More to come when i get time to write it up!
A little story about my Uncle Alton for Memorial Day. He passed a few days ago. I got to hear a lot of his stories, but my memories just scratch the surface. He was drafted August 5th 1941, prior to our entry into World War II. His job was being a runner. As a runner he didn't have to carry much gear and thought it was a great job until the first time he was in battle and he could hear the bullets snapping by his head as he carried messages back and forth. His first piece of advice for me was to never get out of a ditch or hole in the same place that you dived in. He said the Germans would be on aim at that spot waiting for you to climb out.
He was in the 9th Infantry Division and was among the first units to land in Africa. I only ever heard him voice two complaints about American leadership and the first was about the Kasserine Pass. He said that we knew that our tanks, at the time, were no match for the Germans, but they were sent into battle anyway and nearly all were destroyed.
Somewhere in Algeria, he got pinned down by machine gun fire. His unit was a few hundred yards below him on the hill side and they couldn’t get to him to save him and he watched them pull out and leave him behind. I heard that story several times, and one of them he mentioned that he only had a few rocks for cover, but that he set to work digging a hole while they were shooting at him. I asked how he was able to do that, but one of my other uncles jumped in with a smart remark about doing it fast and I never got an answer. After nightfall he worked his way through German lines and made it back to the American side.
He fought in Sicily and at some point his unit got to ride on tanks to the next battle. He hopped up and straddled the main gun and thought it was a good spot until they started moving. Apparently they were on that tank for many hours and he couldn’t move because there were so many guys on it with him. He said he was sore for a long time afterward.
His unit went into France a few days after D-Day. The hedgerows were much worse than any of the fighting he had been in up to that point. They experienced a lot of casualties there. The Germans, or the "damn krauts" as he called them, would cut the communication lines and then leave a sniper to shoot the guy sent out to repair it. He stopped sending out the new guys because they all got killed. He would go out and repair the lines himself. I never found out how he knew how to avoid the German traps. He told me that he stopped talking to the new guys. He didn’t want to get to know them, because they only lasted a few days.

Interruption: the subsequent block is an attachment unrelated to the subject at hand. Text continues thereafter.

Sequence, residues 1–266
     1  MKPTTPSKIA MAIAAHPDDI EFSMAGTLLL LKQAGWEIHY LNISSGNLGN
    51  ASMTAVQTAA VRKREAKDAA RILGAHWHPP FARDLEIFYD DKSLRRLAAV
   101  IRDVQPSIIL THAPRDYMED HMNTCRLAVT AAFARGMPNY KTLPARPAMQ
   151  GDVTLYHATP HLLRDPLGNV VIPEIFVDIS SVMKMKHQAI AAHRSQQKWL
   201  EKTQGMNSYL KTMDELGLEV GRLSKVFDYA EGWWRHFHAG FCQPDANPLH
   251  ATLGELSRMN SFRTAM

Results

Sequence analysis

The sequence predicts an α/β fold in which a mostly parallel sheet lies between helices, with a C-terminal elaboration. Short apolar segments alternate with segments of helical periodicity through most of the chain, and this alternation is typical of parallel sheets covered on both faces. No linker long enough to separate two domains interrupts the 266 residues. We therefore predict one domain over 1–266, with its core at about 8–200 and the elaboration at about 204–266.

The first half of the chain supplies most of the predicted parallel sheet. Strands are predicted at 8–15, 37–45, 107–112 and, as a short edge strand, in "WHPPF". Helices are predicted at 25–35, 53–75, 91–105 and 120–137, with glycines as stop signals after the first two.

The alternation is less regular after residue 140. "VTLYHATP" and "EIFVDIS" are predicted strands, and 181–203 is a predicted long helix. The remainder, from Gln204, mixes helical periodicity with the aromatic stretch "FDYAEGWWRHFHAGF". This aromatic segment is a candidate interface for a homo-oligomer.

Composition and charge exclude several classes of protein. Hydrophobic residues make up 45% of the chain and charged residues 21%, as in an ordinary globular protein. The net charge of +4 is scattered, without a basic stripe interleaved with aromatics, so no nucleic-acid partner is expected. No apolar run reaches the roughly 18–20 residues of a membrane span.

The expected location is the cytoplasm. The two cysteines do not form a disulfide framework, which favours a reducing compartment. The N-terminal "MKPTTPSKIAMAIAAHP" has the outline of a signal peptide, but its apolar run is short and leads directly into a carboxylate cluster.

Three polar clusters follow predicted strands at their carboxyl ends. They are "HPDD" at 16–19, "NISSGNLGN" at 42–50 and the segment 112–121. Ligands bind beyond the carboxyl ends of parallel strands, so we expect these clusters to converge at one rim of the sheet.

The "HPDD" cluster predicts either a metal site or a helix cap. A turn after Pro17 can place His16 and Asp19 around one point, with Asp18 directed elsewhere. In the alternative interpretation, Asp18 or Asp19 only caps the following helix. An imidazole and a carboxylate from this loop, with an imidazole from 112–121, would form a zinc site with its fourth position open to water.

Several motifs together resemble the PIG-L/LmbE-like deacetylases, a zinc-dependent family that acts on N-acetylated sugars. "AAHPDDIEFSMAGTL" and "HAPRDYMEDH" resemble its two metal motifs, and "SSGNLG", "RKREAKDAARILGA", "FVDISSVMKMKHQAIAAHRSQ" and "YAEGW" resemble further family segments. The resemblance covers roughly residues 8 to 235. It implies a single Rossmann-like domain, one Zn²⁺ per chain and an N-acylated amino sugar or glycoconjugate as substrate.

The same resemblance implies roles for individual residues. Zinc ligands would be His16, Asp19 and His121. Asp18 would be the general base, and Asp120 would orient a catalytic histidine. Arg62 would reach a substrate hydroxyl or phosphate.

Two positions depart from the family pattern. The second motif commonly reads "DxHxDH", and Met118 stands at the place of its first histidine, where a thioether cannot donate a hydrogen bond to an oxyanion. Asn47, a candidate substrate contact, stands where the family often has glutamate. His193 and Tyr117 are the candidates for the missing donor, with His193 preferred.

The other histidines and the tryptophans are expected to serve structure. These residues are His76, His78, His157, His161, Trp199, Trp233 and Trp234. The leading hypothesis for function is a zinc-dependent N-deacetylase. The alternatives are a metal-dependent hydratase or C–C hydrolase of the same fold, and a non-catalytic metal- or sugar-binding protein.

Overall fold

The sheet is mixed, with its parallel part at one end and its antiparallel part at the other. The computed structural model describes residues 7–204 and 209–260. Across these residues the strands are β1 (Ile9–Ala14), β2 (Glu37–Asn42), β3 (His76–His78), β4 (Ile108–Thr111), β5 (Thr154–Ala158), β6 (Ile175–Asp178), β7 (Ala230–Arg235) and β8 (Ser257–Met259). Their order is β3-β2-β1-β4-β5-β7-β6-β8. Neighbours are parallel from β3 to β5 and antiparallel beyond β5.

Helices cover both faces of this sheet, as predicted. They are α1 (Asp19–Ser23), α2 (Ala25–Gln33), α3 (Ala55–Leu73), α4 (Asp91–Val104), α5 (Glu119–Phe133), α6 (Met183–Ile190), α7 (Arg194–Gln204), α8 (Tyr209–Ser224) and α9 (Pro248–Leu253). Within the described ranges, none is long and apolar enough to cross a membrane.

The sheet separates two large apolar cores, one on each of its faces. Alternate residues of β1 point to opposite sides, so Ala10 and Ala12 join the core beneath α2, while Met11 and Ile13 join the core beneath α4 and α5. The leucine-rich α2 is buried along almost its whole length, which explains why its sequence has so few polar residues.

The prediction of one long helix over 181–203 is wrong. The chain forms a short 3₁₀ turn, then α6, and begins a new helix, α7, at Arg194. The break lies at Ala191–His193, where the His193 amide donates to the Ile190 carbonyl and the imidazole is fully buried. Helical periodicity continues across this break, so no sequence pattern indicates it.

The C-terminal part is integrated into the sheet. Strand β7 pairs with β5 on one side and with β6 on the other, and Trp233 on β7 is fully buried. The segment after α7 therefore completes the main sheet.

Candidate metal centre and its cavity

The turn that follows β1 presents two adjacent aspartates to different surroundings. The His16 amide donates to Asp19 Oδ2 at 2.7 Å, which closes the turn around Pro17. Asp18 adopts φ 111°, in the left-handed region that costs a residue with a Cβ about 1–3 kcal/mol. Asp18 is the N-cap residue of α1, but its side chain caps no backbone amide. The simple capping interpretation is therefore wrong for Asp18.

His last battle was at or near the Huertgen Forest. His unit had been in constant contact with the enemy for months. He said they never took their boots off because the Germans were constantly counter attacking. It didn’t matter how miserable or wet they were, when the attacks came they had to be able to move to survive.
He said that fighting in the wooded areas was terrible due to the artillery shells exploding in the trees above. There was no cover to get away from it if they were on patrol.
After nearly three years of heavy combat, it was his feet (from not taking his boots off) that finally got him pulled and sent home. When he got to a hospital far enough back that they could get his records, the doctor realized how long he had been fighting and asked him what he was still doing there. There was point system that determined when each soldier would get sent home. Uncle Alton kept giving his points away to guys who were married and had kids at home. He stayed in combat long after he had to.
They sent him to some nice hotel/resort in Florida with all the other long time veterans to rest and recuperate.
He was an avid hunter before the war, but he sold all his guns when got back and never went hunting again. To meet him on the street you would never know what he did during the war.
I know these details and stories are probably mixed up as I heard them piece by piece over thirty plus years and I am probably leaving out lots of detail. He was interviewed for a documentary and it is much more riveting than my account.
He survived six company commanders, received a Purple Heart and a Bronze star. My uncle was lucky and he admits it several times in the video. Many were not and I hope everyone takes a few minutes today to reflect on their sacrifice.
Each of our team members are responsible for their own rifles, ammo and scopes. They may choose to run anything they like*. They make the choices based on what they feel will give them the most success, based on their personal shooting style.